I’m not saying this in an attempt to be funny, but I’d made a mental note to read a Yahoo story last week about memory loss and it slipped my mind.
Completely forgot about it.
Human memory has been on my mind for two months since I danced through the memory minefield that is the 30th high school reunion. I am amazed by the variations of our recollections from those heirloom days.
For instance, one girl, a good friend of mine, said the thing she remembers most about me is that I was never without a big wad of snuff tucked into my lip.
Funny, I said, because I didn’t remember you being insane. I’ve never once in my life had a even a pinch of snuff in my mouth.
Yet, her enduring memory of me is I was the friendly kid with the tobacco spit dribbling out of his smile.
How odd is that?
Then there was the good buddy of mine who’s spent the past 35 years attributing one of my greatest pranks to someone else.
It was Miss Picci’s 8th grade chorus class. We were walking in line from the basement class to the first floor auditorium. She was on DefCon 4 to make sure we all behaved.
Now, there’s a woman who could have used a soothing dip of Copenhagen.
Me, Doug and the other troublemakers were in the front of the line so she could keep an eye on us. It was like a miniature version of one of those perp walks you see on the news.
I waited until we got to the big heavy doors at the stairway. I gave the door a mighty yank straight into my kicking boot. It echoed like a thunderclap.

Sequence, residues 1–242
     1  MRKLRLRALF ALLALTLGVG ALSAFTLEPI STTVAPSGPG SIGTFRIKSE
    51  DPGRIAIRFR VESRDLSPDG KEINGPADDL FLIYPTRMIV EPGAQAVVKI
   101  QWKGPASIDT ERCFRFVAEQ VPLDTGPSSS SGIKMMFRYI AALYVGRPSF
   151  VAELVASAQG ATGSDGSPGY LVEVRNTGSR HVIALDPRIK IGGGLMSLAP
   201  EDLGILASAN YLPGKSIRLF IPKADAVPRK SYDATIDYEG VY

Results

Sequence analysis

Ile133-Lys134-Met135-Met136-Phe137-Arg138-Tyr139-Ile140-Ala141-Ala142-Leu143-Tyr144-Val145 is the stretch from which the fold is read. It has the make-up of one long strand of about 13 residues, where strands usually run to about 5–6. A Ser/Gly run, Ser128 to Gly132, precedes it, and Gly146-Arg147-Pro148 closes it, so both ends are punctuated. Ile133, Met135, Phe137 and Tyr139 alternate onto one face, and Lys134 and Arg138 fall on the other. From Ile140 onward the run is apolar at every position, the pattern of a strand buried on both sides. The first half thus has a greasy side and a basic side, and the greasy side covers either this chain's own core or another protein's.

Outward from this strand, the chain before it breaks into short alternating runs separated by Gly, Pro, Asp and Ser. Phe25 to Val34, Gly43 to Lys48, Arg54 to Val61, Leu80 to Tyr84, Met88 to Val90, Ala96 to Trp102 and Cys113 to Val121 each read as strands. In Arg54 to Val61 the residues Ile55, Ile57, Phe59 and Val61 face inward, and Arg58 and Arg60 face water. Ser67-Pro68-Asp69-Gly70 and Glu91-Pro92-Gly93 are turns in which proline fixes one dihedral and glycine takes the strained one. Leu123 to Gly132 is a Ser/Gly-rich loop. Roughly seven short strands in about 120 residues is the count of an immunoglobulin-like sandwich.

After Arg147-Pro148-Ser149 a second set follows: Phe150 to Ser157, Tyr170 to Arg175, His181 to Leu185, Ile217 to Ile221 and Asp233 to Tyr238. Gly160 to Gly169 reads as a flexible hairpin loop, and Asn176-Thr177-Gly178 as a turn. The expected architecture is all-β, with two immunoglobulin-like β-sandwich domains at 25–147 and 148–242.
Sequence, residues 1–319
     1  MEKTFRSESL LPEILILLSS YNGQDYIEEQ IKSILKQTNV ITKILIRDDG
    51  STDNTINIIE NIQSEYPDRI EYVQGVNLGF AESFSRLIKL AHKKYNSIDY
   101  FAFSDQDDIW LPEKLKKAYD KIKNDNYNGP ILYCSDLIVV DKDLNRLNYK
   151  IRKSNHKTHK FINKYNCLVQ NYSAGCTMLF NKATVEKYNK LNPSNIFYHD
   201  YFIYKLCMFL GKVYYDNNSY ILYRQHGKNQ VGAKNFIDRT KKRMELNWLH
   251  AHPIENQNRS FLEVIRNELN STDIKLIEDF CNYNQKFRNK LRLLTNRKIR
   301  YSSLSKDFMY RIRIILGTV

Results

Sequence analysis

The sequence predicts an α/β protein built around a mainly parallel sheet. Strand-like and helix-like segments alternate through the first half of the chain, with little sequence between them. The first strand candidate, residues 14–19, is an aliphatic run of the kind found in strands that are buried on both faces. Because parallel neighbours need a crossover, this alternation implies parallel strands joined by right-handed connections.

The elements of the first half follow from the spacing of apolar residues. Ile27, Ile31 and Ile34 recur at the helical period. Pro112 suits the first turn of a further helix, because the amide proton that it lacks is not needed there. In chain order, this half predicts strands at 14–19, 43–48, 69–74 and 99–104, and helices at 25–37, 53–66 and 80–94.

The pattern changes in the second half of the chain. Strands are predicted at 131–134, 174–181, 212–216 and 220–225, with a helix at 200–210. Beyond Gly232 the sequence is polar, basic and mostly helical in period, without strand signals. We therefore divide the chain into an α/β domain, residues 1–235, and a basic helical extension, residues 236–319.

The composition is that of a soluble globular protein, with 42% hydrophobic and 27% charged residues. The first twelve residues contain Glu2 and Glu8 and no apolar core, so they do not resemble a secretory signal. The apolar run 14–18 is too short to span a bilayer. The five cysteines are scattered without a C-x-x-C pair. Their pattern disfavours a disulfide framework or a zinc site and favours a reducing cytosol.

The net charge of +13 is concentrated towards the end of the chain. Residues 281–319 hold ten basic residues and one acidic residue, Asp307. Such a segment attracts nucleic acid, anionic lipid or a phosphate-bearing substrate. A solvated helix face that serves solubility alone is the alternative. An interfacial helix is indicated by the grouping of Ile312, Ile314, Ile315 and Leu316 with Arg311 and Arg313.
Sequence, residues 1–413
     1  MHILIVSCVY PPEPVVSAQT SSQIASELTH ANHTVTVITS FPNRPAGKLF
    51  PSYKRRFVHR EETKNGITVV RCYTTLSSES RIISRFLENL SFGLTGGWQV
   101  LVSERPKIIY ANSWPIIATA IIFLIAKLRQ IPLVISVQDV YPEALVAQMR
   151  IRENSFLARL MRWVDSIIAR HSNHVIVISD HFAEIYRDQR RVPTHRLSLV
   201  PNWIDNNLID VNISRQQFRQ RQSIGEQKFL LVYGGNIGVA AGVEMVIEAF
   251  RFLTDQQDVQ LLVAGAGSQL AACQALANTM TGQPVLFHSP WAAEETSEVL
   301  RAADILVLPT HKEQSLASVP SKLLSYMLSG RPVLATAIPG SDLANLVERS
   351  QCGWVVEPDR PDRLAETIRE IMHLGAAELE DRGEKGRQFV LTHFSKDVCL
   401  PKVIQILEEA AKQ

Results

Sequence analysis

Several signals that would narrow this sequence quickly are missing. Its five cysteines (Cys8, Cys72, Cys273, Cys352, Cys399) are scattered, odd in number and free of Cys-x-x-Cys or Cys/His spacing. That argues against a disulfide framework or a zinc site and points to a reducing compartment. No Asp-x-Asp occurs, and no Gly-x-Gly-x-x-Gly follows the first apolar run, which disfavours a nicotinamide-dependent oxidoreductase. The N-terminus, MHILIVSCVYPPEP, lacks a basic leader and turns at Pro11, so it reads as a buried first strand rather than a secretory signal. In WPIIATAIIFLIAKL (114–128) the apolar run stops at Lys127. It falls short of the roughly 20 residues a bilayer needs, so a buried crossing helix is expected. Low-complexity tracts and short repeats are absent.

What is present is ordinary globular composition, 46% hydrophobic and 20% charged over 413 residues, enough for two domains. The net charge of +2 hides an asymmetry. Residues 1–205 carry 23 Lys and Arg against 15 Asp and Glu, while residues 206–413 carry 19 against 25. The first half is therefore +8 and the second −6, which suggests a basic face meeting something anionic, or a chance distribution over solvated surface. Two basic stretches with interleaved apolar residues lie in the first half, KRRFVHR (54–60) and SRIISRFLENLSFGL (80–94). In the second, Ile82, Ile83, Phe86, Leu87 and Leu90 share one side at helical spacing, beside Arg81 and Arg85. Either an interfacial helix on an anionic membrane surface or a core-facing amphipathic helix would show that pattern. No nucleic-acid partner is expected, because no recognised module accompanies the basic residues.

Miss Picci turned with a look of startled horror in time to see me grasping my head with both hands and moaning, “Why, Doug? Why?” right before I began faking concussion-like symptoms.
I’ll never forget what happened next. She lit into poor Doug like she wanted to kill him. Said she never did like him. Said he was no good. That I was always her favorite. That he couldn’t sing a lick and that she’d see he’d get suspended for a month if what he’d done had ruined my handsome young face.
See, my recollections are crystal clear.
Yet, when I overheard Doug telling the story of this Hall of Fame-worthy prank . . . he said it was Schwartz!
An outrage. The slight made me want to drag him to the stairway hall door and make like Joe Pesci on his head.
That wasn’t even the worst of it.
No, that was the girl I remember from her sexy jungle girl suit.
I was standing alone at the bar when she walked up. I have an indelible memory of her wearing the outfit to her 1980 Halloween party to which she’d invited me.
I glanced at her nametag and said hello.
She looked at my name tag and dismissively said, “I have no idea who you are!”
I’m sure it wasn’t her cruel intention to make me feel like a nobody, just as it wasn’t my intention to make her feel like a slut when I said, “Sure you do. You invited me to your Halloween party our senior year. You wore that skimpy little Tarzan outfit. I wore a diaper and dressed like a big baby. We made out at midnight beneath the pool table in your basement. Remember?”
She did not. In fact, I think the clarity of my recollection upset her because she began backing away without ordering a drink and avoided me the whole rest of the night.
The reason we forget chunks of our silly pasts is because our minds are forever being refreshed by new memories.
Our minds in high school are canvasses yet to be colored.
Back then, I didn’t have things like kids, anniversaries, the complete rosters of five new world championship Pittsburgh teams and the lyrics of 248 songs by Robert Earl Keen and Todd Snider important enough to commit to memory.
You know now that I think about it, maybe I did have a dip or two of snuff back in high school. Maybe it is my memory that’s off because, yeah, that Schwartz kid was damn funny.
And, if memory serves, maybe I was wrong about the girl in the Tarzan suit.
Maybe it wasn’t her after all.
Must have been her mom.